The case of Freedom of Expression with religious interpretations

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How, then, you may ask, can the borough of Staten Island get away with shutting up the Rev. Kristopher Okwedy and his Keyword Ministries? It seems a reasonable question.

The facts are not in dispute. The Constitution forbids the making of any law "respecting an establishment of religion or prohibiting the free exercise thereof." Seven years ago, Okwedy rented two billboards on Staten Island from PNE Media. On them he expressed this message:

"Word on the Street — four ways to say Leviticus 18:22. Thou shall not lie with mankind as with womankind; it is abomination." (King James)

"You shall not lie with a male as with a female; that will be loathsome." (James Moffat)

"Do not lie with a man as with a woman; it is detestable." (Berkley version)

"Homosexuality is absolutely forbidden for it is an enormous sin." (Living Bible)

(For the record: The Scottish scholar was a two-"t" Moffatt, and the other cited translation was the three-"e" Berkeley version, but no matter.)

In March 2000, Guy V. Molinari, as borough president of Staten Island, gazed upon the billboards and found them displeasing. They were "unnecessarily confrontational and offensive." They conveyed "an atmosphere of intolerance which is not welcome in our borough." Molinari did not exactly demand that the billboards be papered over, but he sought the billboard owners, and on March 10 the offending quotations suddenly disappeared.

In his appeal to the Supreme Court, Pastor Okwedy charges that the billboard owner "released his name to the media, resulting in a frenzy of calls, interviews and hate mail." Someone sent Okwedy a suspicious package; borough police at first refused to investigate, but finally opened the package. It contained explicit homosexual magazines. The city of New York dispatched two detectives from its Bias Crimes Unit to interview the pastor. He wasn't home, but they interviewed his wife for evidence of a possible hate crime.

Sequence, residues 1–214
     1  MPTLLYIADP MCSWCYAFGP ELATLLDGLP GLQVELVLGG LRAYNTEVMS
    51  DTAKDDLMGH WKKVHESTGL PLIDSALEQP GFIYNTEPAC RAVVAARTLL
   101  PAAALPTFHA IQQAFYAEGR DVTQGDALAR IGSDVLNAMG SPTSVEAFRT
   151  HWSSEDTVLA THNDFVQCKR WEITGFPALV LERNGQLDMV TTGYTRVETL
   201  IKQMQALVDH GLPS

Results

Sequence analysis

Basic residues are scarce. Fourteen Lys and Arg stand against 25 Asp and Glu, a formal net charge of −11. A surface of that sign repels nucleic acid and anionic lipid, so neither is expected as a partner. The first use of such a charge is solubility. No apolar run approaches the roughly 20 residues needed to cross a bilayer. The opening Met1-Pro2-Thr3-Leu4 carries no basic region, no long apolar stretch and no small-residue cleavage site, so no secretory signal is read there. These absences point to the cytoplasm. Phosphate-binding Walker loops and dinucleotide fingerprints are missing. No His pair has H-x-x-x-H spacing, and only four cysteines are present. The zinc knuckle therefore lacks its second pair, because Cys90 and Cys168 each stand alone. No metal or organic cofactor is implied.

"The detectives made offensive comments about the Rev. Okwedy's national origin (Nigeria) and asked why he had rented the billboards." They appeared to have no interest in the threatening letters he had received.

Okwedy finally went into U.S. District Court with a challenge to New York City's Human Rights Law. District Judge Nina Gershon ruled against him at every point. Last August a panel of the U.S. Court of Appeals for the 2nd Circuit unanimously affirmed. In an unsigned summary order, the court ruled that the law does not purport to prohibit, or suppress, or regulate speech; it merely authorizes action "against prejudice, intolerance, bigotry, discrimination and bias-related violence or harassment."

In the panel's view, Borough President Molinari's purpose was not to suppress religious expression. He was not seeking to threaten or intimidate. He was merely expressing the government's opinion: "When the government speaks, it is not bound by principles of viewpoint neutrality and can make persuasive arguments for its own favored point of view." Nothing forbids government from criticizing speech it deems to be intolerant.

The city's position strikes me as all very true, but when government employs its huge power not merely to express its own view, but to stifle a different view absolutely, something is seriously wrong. This is a case the high court ought to hear. [REPETITION FROM EARLY GRAF?]

Changing the subject abruptly: A number of readers responded strongly to a column I wrote on Jan. 3 discussing a case from Kennewick, Wash. The case arose in 2003 when a zealous police officer, Richard Dopke, spied a man riding a small motorcycle. The man was not wearing a helmet! Sgt. Dopke gave chase. The suspect eluded him. Backup officers arrived, among them a trained dog handler with his faithful canine Deke. Somehow Deke slipped his leash and seriously bit innocent neighbor Ken Rogers. He sued. The city pleaded qualified immunity. The city lost in the ninth Circuit and lost again two weeks ago when the Supreme Court refused to hear its appeal.

Unless an out-of-court settlement can be reached, Rogers' suit will go to trial in April. The moral to the story is that police dogs ought not to bite a hand that feeds a lawyer.

(Letters to Mr. Kilpatrick should be sent by e-mail to


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